If the fear of missing out is what drives people to post, tweet, like and share, then what apprehension prompts users to abandon the social media ship? A growing number of social media users are giving up social media accounts, claiming that peers on the site have made the experience competitive, vacuous and unfulfilling. This is not the case for most social media users, however. Anxiety over being “unliked,” experts say, has internet users hanging out online for updates and abandoning real world responsibilities in lieu of virtual commitments.
Experts report that social media users aged 30 and under are inclined to engage in social media habits for fear of missing out on updates, as well as falling behind on news and social media interaction. These users, research claims, see updates as an important tool for social development, and are admittedly dependent on social media.
A growing number of social media users, however, have turned a collective back on the incessant sharing that characterizes sites like Facebook, Twitter and Instagram. Users cite a wide range of reasons for “quitting” Facebook. A study by the University of Vienna found that a large majority of users who had canceled Facebook accounts in the past three years reported that a lack of privacy was at the top of a list of complaints about social media. Individuals also identified concerns such as shallow social conversations, feelings of low self-esteem, and an unspoken sense of competition between peers as reasons for cancelling Facebook accounts.
Being forced to view the self-inflammatory posts of others, as well as those who share one-sided content are also agitations that have caused some to leave Facebook. Hurt feelings occasionally occur over social media as well, and Facebook stalking is such a common occurrence that the term has become assimilated into modern vocabulary. Those who fall prey to the distractions of social networking and lose sight of its function have found that taking a social media break has helped former users remain focused and become more engaged in real world relationships.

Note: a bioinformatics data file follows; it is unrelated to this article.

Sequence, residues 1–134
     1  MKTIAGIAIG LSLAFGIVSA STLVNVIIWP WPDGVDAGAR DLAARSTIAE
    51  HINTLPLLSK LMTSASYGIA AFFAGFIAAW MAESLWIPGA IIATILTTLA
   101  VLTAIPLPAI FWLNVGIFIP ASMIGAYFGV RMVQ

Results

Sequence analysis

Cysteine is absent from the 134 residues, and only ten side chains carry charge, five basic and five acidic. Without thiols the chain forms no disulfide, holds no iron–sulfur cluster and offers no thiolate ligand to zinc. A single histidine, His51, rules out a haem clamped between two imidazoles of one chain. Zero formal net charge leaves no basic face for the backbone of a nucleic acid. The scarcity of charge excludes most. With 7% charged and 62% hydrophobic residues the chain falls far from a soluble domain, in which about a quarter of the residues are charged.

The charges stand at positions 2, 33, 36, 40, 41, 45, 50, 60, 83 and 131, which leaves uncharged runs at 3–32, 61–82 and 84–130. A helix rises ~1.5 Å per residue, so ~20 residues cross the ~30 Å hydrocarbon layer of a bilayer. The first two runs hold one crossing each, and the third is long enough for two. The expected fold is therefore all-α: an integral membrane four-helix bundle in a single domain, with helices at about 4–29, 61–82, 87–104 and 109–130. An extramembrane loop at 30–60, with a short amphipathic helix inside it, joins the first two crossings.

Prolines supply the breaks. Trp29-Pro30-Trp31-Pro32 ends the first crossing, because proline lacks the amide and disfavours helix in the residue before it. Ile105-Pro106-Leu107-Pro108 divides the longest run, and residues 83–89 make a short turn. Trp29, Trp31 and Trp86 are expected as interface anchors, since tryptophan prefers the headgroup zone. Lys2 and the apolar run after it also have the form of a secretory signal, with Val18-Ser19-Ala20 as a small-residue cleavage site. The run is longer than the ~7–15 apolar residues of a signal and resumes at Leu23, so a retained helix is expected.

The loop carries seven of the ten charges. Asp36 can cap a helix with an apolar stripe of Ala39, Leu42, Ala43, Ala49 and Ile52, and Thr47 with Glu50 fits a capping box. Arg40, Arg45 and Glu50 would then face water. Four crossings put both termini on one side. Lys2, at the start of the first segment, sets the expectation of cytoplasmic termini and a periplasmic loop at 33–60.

By definition, sites like Facebook are social networking venues, designed with the purpose of job seeking, staying in touch with relatives, maintaining relationships, sharing news and interests with like-minded individuals and communalism. In 2014, Facebook alone boasted over 1.6 billion registered users. The benefits of social media, through sites such as Facebook, Instagram, MySpace, Twitter, Pinterest and Google+, vary for disparate audiences. All of these sites, however, center around fostering a sense of worldwide community, inter-connectivity and self-promotion.
A study by Badoo reports that 50 percent of users claim that the participation in social has a negative impact or consequence on daily life. The survey also substantiates that people lie or exaggerate about the details of life online, and that nearly 40 percent of Americans surveyed spent more time fraternizing online than in the real world.
The reason, then, that many social media devotees stand by being so connected? Experts have found that social media and gaming addiction are powerful forces. Researchers at Harvard University uncovered that the act of divulging information about oneself triggers the same part of the brain correlated to gratification. According to this study, the pleasure that users experience while sharing personal details on social media is equivalent to the reaction from eating food, receiving money, or engaging in sexual intercourse.
Over 3 million teens have fled from the site over the past three years, while users 55 and older are reportedly on the rise. Many users have “unliked” social media and are abandoning online social networking accounts in exchange for real life relationship building and networking opportunities. Accounts of those who have “quit” sites like Facebook admit there are features of social media that are practical, helpful and to be missed. Engaging in open conversation with friends on Facebook about trending news stories, some users say, is a positive way that social media enhanced lives. These users advise those not ready to release the social media yoke to consider tapering the number of hours spent online, and to actively remember the purpose that social media sites serve while tweeting, sharing and pinning.
By Mariah Beckman